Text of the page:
Interestingly, co-treatment with LOX (5-HEPE, 4-HDHA), CYP450 hydroxylase (18-HEPE, 20-HDHA) or epoxygenase (17(18)-EpETE and 19(20)-EpDPA) metabolites and IL1β, IL6 or IFN-α all prevent cytokines-induced reduction in neurogenesis and increase in apoptosis, with exactly the same effects of their corresponding precursor, EPA or DHA. This finding demonstrates for the first time the ability for these metabolites to exert neurogenic and antiapoptotic properties in the context of human hippocampal neurogenesis, a mechanism relevant to depression [17,18,19]. Indeed, so far, LOX and CYP450 lipids have only been studied for their ability to reduce inflammation and oxidative stress, or for regulating tissue homoeostasis [49, 50], with no evidence yet that they could be produced in neurones or that they could modulate neurogenesis or neuroplasticity. Interestingly, these metabolites are produced in the presence of EPA or DHA upon cell stimulation with either IL1β, IL6 or IFN-α, but not during pre-treatment with EPA or DHA alone. These findings suggest the ability for EPA and DHA to remain stored within the cell membrane for longer periods until a later insult, for example with cytokines, can activate the enzymes (LOX and CYP450) responsible for EPA and DHA synthesis into their final metabolic products, which are responsible to reduce inflammation and restore cell homoeostasis . Indeed, ω-3 PUFAs are usually kept stored in the cell membrane and serve as fundamental structural components of membrane complexes . In particular, ω-3 PUFAs can change the expression of surface receptors and ultimately regulate membrane-based cellular responses, especially when in presence of an inflammatory or stressful stimulus .
Interestingly, the same LOX and CYP450 hydroxylase and epoxygenase metabolites that we have identified in vitro – and only these metabolites – are also increased in plasma samples of depressed patients receiving nutritional intervention with either EPA or DHA. To our knowledge this is the first study to measure ω-3 PUFAs metabolites in a clinical sample of patients with major depression exposed to treatment with either EPA or DHA (and which also showed a parallel decrease in depressive symptoms). Only one observational study reported the analysis of similar LOX- and CYP450-derived lipid classes and found, as in our study, negative correlations between metabolites levels and depressive symptoms; however the cohort consisted of patients with seasonal depression, and only few lipid species were identified, produced naturally rather than during PUFAs treatment . Nevertheless, it is interesting to notice that the magnitude of the effects of PUFAs administration in our study (Cohen’s d = 0.73-0.75) is of the same magnitude of the difference detected in this study  when comparing the levels of ω-3 PUFAs metabolites in the same patients when they have low versus high levels of depression, thus supporting the notion that the changes that we measure in PUFAs metabolites following PUFAs administration are clinically relevant. From a clinical point of view, it is also important to notice the one study which measured LOX- and CYP450-derived EPA/DHA lipid metabolites concentrations in plasma of healthy individuals. The study reported much higher concentrations of these metabolites, when compared with concentrations observed in our cohort of depressed patients at baseline . Although a direct comparison is of course limited by the methodological differences between the studies, this evidence suggests an impaired endogenous production of these anti-inflammatory and neuroprotective metabolites in patients with depression.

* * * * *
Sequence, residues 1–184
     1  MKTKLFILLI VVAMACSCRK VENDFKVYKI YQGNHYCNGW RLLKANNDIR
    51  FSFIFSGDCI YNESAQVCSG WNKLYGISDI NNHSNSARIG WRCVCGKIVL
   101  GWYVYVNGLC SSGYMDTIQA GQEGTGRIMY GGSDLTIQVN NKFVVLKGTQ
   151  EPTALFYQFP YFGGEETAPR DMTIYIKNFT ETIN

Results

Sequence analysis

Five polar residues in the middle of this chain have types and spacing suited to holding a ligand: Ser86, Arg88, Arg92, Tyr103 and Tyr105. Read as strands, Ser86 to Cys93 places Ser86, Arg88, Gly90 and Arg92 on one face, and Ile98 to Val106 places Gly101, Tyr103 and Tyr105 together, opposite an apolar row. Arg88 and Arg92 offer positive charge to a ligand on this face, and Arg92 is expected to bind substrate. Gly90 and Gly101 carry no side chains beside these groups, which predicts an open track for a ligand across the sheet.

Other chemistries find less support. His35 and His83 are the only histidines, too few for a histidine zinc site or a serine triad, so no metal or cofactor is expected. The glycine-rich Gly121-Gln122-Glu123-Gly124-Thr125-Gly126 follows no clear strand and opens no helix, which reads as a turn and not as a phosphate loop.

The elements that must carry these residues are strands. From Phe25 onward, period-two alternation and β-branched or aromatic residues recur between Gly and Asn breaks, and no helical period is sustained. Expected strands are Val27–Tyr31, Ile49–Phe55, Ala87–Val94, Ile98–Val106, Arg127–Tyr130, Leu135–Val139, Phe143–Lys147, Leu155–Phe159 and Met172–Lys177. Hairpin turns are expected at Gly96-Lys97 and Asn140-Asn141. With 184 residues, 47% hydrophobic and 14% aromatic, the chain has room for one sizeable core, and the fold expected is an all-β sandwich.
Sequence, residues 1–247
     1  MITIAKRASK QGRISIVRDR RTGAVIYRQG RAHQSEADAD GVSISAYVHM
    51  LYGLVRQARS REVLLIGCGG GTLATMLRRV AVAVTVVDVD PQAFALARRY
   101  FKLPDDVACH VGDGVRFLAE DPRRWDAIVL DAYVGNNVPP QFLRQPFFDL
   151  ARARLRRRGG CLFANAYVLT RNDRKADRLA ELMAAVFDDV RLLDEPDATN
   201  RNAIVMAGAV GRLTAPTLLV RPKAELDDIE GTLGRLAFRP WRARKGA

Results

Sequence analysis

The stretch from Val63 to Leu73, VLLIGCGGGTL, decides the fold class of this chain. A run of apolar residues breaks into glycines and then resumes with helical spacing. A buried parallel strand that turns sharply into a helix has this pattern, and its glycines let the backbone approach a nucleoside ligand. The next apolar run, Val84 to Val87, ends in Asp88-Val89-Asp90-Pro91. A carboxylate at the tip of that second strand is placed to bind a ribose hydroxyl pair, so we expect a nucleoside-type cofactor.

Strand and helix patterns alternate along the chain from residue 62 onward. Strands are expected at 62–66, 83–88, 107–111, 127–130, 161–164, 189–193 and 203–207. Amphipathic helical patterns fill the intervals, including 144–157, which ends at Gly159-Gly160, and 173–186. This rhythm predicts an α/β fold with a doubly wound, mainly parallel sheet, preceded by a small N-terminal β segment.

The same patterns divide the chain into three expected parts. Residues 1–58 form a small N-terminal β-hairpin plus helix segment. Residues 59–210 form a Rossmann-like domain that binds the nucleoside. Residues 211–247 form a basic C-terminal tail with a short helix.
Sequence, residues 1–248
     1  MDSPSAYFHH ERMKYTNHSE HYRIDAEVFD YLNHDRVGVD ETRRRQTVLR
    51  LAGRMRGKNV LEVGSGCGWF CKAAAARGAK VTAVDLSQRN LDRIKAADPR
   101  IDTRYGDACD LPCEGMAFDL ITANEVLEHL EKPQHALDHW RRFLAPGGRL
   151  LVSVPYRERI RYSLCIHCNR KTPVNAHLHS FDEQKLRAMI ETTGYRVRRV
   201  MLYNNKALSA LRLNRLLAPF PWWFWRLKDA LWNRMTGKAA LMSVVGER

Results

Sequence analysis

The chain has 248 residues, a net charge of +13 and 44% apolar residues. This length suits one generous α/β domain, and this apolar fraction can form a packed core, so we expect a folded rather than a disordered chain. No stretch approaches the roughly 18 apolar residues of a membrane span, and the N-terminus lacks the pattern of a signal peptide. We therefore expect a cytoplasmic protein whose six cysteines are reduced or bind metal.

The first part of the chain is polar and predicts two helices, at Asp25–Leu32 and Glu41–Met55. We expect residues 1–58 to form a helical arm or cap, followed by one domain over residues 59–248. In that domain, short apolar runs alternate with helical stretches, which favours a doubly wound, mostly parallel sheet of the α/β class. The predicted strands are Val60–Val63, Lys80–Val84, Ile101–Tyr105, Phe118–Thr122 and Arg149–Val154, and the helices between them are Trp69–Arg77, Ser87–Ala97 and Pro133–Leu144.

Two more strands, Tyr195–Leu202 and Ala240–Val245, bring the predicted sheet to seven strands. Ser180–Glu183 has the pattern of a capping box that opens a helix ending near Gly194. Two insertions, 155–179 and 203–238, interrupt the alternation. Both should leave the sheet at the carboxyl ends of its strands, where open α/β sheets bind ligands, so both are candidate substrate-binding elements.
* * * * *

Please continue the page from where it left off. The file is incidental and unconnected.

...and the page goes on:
Our study also shows that co-treatment with the CYP450 epoxigenase-derived 17(18)-EpETE and 19(20)-EpDPA, and an inhibitor of the sEH enzyme, significantly enhances the neurogenic and anti-apoptotic effect of 17(18)-EpETE and 19(20)-EpDPA. The sEH enzyme plays an important role in ω-3 PUFAs metabolism, as it allows the conversion of EpETEs and EpDPAs into their less active dihydroxy derivatives DiHETEs and DiHDPAs  (see Fig. 1a). Since we have shown that both 17(18)-EpETE and 19(20)-EpDPA have themselves neurogenic and anti-apoptotic properties, our findings confirm that maximising their bioavailability by blocking their further metabolism enhances these biological actions. Interestingly, previous evidence has demonstrated that oral administration of TPPU, the same sEH inhibitor used in our study, can exert rapid antidepressant effects in an inflammation model of depression in mice . Also, mice showing depressive-like behaviours have higher sEH protein levels in the brain, and this has been confirmed in post-mortem brain tissues of patients with major depressive disorder . Taken together with our study, these lines of evidence suggest a possible role for sEH as therapeutic targets for treatment of depression . While sEH inhibitors like TPPU or AUDA, have been previously used both in in vitro and in vivo models of inflammation , a new drug, GSK2256294A, able to selectively inhibit the sEH enzyme, has been recently tested and validated for its safety and tolerability in a clinical cohort of obese smokers with pulmonary inflammation . Due to its low molecular weight, GSK2256294A has also been used in patients developing neuroinflammation after subarachnoid haemorrhage (ClinicalTrials.gov identifier NCT03318783), therefore making GSK2256294A a valid option for drug repurposing also in the context of other inflammation-associated brain disorders, including depression, where at least a sub-group of patients often presents chronic levels of peripheral and central inflammation [1, 2, 14].